Sturgeon Reach is the name some have given to a stretch of the Fraser River between Hope and Pitt Meadows, where its flow slows, and it deposits the gravel it's been carrying out of the province's interior. Its story is one of rocks and stones, from its geological origins, from the mythic beginnings of human settlement, and from the arrival of Simon Fraser through to the onslaught dykes and roads and bridges and foundations that today threatens the river's essential nature.
Sturgeon Reach hosts an incredible array of life, from giant black cottonwoods to a creature that dates from the age of dinosaurs –– the remarkable white sturgeon. This stretch of river is the spawning ground for major salmon runs. And for millennia, it has also been the home of the Sto:lo Indians.
How can we now live well along a river that has a ceaseless desire to overflow its banks and set its own course? How can we allow the life that the river's character fosters to persist in the face of overwhelming development? In the 20th book in the Transmontanus series, Terry Glavin and Ben Parfitt explore Sturgeon Reach ––– its geography, its history, its critical role in the coastal ecosystem, and the compelling story it tells about competing human needs.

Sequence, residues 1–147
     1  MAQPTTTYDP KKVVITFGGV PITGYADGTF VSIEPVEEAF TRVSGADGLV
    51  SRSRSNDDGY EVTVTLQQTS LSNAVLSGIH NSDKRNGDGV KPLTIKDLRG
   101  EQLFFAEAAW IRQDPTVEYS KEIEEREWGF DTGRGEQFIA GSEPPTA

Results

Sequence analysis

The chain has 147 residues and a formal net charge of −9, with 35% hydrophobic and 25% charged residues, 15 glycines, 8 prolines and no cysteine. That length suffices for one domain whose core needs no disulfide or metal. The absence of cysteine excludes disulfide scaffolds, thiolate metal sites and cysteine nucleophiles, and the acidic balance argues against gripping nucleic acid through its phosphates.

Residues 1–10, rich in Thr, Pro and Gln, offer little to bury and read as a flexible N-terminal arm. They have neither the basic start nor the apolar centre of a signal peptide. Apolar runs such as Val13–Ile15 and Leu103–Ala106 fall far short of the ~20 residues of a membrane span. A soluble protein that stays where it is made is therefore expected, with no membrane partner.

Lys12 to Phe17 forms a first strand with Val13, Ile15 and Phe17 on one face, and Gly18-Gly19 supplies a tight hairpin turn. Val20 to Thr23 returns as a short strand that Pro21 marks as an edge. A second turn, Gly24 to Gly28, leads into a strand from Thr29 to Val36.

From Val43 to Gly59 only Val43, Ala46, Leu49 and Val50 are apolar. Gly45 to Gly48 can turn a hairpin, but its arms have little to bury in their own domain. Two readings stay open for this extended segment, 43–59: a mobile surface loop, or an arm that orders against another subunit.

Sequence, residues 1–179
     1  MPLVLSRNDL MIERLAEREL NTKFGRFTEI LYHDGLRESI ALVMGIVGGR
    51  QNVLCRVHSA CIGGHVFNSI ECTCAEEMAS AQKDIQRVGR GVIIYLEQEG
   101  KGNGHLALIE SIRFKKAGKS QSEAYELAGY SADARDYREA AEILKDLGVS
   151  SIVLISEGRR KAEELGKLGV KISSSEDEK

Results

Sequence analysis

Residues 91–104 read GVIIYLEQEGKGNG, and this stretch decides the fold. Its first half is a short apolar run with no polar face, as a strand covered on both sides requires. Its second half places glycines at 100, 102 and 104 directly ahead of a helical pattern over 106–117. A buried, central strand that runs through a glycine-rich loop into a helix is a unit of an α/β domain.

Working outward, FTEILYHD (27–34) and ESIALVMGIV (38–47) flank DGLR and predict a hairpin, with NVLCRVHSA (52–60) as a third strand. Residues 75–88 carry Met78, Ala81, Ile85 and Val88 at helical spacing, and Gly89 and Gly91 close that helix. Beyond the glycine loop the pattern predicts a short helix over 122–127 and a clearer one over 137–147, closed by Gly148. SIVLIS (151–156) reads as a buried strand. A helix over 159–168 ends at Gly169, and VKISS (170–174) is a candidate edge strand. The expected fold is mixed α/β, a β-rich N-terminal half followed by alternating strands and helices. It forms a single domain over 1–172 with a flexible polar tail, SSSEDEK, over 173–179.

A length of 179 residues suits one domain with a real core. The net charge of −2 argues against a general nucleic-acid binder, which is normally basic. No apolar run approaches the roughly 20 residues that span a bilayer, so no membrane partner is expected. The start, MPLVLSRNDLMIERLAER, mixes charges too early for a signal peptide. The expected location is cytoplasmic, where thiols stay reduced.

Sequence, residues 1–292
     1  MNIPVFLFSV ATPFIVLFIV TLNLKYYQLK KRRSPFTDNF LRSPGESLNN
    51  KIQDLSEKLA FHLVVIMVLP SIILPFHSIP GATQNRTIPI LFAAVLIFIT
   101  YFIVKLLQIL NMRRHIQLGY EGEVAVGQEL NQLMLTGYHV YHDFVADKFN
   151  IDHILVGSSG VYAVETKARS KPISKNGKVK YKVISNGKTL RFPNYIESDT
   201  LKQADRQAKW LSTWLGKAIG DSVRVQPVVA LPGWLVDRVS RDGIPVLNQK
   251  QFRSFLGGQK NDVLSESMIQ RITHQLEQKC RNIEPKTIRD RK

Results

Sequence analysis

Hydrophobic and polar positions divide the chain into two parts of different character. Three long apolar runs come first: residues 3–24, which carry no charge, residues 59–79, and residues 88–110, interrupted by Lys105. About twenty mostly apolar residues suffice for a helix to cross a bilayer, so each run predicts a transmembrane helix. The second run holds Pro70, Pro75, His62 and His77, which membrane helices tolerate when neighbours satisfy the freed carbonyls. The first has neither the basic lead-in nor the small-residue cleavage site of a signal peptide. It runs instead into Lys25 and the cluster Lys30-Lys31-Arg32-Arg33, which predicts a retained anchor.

|Publisher:||New Star Books|
About the Author
Victoria–based freelance writer Ben Parfitt is the author of Forestopia: A Practical Guide to the New Forest Economy (1994) and Forest Follies: Adventures and Misadventures In the Great Canadian Forest (1998)